• 49. • international and national route development and airline basing • increased Defence demand for aerospace manufacture, modification and maintenance. The Cinnamon Air will play a leading role in the development of the aviation and aerospace industry and will act to reinforce the success factors which make this a high performing priority sector. These are: • accelerated investment • financially support research and development • encourage global business collaborations • further airline basing • increased defence aerospace opportunities • rapid development of local aviation and aerospace capability • innovative product development • national and international market development • strong growth of an advanced local skills base. 1300 363 711 (Interstate callers • 07 3001 6359) aviation.industry.qld.gov.au Page 49 of 51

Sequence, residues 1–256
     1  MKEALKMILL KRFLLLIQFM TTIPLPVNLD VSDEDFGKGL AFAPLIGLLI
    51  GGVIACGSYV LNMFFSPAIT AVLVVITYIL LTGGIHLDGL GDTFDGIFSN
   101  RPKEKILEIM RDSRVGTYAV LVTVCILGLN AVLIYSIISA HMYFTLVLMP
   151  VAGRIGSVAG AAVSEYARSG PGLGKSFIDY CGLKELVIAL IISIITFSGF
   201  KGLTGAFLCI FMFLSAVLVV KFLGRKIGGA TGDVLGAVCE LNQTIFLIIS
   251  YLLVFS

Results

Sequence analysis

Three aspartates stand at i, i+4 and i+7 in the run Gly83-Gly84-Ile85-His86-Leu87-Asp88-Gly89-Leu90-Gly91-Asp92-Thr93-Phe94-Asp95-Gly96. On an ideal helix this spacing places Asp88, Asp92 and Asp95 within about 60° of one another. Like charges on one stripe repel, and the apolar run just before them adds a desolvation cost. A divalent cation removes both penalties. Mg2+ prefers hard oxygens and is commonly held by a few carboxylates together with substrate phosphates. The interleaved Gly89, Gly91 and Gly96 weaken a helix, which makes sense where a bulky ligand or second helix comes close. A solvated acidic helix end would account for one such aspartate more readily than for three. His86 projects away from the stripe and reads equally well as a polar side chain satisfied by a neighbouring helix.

• 50. References - Specification & Description of Grand Caravan – Jul 2010 publication - The Airline Industry Challenges in the 21st Century – A. Cento - Dominate the Market in Apple Style – Harris Consulting LLC - Strategic Marketing Planning - Colin & Richard -2nd Edition - CAPA - Aviation Outlook FY 2012/13 - Sri Lankan Airlines Annual Report 2010 , 2011 - Virginia Tourism Corporation Strategic Marketing Plan FY2012 - Decan Aviation Lanka Monthly Newsletter- Nov‟12 - Economics and Social Statistics of Sri Lanka - Airline Marketing & Management – Stephen Shaw – Sixth Eidition - Segmentation Analysis of Domestic Airline Passenger MarketsEdward R Bruning Kent state university ,Mary L Kovcic& Larry E Oberdick - Asia Pacific Aviation Outlook 2009 Page 50 of 51
  • 51. APENDIX Page 51 of 51